In the autumn of 2016, a Philly-based startup was reconsidering their mission. And they needed some consulting. The organization had been founded to streamline international shipping logistics. It focused on assisting other firms with import compliance. And it was well-positioned to succeed. It was bringing customers’ products into the marketplace more efficiently and less expensively than their competitors.

But the co-founders were restless. They wanted to ensure that their business did more than generate cash. They wanted to use their competitive advantage to make a lasting difference. They hoped to build a profitable culture of compassion into the DNA of their organization. To get there, they realized that they needed a mission statement to help them articulate what they were doing—and why.

In October, the staffer commissioned to draft the mission statement sat down with me at a local coffee shop for a consultation. We discussed the business, its core competencies, its customers, and its sustainability commitments. Then, together, we set a blueprint for its future mission.

Although the company was already socially engaged, there were limitations to each of the ways that leadership had considered for extending their commitment to corporate responsibility.

They had done an initial B Corp certification assessment. This process—provided by B Lab—is a popular way for socially-conscious companies to evaluate internal processes while demonstrating their sustainability commitments to stakeholders. However, several of the evaluation metrics were irrelevant for this company. So it wasn’t clear that the certification process would yield a helpful picture of its social responsibility. There was also concern that this process might divert company resources from other, high-impact commitments and lead to ‘sustainability fatigue.’

The founders were also enthusiastic about partnering with the social enterprise United by Blue: a clothing company that cleans up one pound of trash from aquatic spaces for each article it sells—while also using recycled material for new apparel. However, there was a lack of fit between the strategic commitments and missions of these two firms, which would make a partnership seem inorganic.

Finally, the business was also providing coffee farmers in Latin America pro bono assistance in efficiently importing their fair-trade products. This project relied on close, face-to-face collaboration between producers and distributors. And it compellingly leveraged the company’s core business competencies. But this particular relationship didn’t make sense as a centerpiece of the company’s mission. It wasn’t part of the company’s central business proposition.

Something was missing from all of these different efforts. The business needed a cohesive articulation of a mission that matters. They needed a framework for thinking about how all the different possibilities and efforts fit (or didn’t) into one compelling narrative. And they needed some concrete ideas for coherently implementing that vision.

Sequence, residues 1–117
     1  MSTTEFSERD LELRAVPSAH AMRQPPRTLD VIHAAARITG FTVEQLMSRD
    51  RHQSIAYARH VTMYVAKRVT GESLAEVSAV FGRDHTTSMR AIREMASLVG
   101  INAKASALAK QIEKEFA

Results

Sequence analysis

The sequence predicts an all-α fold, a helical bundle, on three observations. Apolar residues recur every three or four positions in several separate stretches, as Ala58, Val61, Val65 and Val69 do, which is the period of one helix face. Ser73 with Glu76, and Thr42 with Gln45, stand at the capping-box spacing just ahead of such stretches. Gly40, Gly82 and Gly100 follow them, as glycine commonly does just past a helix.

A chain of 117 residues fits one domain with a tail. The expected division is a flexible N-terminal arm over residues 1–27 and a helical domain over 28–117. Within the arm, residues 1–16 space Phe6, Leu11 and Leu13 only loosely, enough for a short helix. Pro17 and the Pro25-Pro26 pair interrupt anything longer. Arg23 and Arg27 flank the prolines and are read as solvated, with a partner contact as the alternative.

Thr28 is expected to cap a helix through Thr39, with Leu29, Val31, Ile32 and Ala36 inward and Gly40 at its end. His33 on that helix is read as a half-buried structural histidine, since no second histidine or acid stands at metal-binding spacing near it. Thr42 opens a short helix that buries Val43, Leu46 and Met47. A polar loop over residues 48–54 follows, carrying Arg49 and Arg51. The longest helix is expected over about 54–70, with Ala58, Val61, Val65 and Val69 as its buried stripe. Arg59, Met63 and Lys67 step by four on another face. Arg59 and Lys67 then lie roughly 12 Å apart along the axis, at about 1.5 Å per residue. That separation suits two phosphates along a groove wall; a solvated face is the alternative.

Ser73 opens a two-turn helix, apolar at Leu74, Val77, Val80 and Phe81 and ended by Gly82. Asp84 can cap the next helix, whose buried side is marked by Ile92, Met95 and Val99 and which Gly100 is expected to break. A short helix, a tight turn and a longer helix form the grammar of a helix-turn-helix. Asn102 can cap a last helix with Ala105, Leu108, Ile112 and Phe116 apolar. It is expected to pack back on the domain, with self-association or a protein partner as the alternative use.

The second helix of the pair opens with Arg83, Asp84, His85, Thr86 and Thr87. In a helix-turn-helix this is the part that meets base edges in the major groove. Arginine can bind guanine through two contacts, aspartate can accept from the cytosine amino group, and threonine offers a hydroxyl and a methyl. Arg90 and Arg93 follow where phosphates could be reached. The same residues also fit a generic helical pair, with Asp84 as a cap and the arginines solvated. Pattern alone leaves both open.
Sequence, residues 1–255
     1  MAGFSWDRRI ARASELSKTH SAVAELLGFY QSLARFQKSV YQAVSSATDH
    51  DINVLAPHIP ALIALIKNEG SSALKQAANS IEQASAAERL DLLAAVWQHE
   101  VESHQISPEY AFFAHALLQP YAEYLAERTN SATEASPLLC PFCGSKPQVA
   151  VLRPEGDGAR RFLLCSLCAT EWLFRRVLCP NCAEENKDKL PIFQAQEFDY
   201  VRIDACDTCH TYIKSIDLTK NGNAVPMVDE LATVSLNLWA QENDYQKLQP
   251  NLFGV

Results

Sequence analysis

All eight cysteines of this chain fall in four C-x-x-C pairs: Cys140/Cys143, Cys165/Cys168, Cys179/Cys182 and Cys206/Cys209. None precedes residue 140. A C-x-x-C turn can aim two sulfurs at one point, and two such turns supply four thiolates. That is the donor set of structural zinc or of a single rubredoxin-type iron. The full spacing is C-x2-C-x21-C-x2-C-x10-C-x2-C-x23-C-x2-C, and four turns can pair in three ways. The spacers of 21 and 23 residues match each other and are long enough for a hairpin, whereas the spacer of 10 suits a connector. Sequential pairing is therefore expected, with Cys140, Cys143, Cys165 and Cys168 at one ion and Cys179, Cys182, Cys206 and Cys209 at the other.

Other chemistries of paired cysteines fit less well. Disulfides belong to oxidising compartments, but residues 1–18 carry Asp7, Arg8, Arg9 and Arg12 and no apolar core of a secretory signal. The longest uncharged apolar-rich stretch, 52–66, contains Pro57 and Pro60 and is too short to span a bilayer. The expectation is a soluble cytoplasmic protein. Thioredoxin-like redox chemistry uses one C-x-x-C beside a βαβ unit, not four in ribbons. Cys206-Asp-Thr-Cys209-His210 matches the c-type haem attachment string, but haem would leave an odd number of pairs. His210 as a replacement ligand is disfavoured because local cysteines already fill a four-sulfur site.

Thus, the mission statement needed three characteristics:

  1. A vision of import logistics as a space for social innovation;
  2. An account of how this company would leverage its unique economic advantages to foster strategic social partnerships;
  3. A commitment to define stakeholder connections as relationships of reciprocal care, expressed through the business of shipping goods that add value to life.

But we did more than simply talk through general guidelines for a mission statement. We also discussed how leadership could reframe existing features of the company’s culture in terms of its mission. For instance, the business was already taking care of employees by offering them generous compensation and benefits packages. But this is more than just good corporate strategy. It’s also a social commitment to the community where staff members live and work. Corporate social responsibility starts with core business operations.

Then, we considered specific potential strategic partnerships. These would be win-win commercial relationships that would allow the company to achieve something that matters for the producers and the consumers they link together. We talked about ways of scaling up the company’s existing fair-trade coffee project to include other products and markets. We discussed partnering with social enterprises that have special import needs: organizations like 10,000 Villages. Realized savings for such firms would support their business of social empowerment.

Cultivating partnerships like this isn’t just good for clients. It also establishes a competitive niche and attracts like-minded enterprises in adjacent market spaces to seek out your services. It builds an honest reputation for social awareness among potential customers. And it solidifies employees’ commitment to their company as they come to believe in the lasting significance of its value proposition. This firm does more than simply help to deliver commodities. It make peoples’ lives better by linking them together in networks of mutual provision. That recognition gives employees purpose. And it gives clients buy-in. Win-win.

My conversation partner walked away with a blueprint for defining her organization’s mission and implementing it through targeted, cohesive alliances. I walked away determined to find more thought partners.

Conversations like this are energizing for me. But they’re also empowering and exciting for leaders looking for bigger, more concrete ways to make their work matter. If that’s you, let’s start a conversation.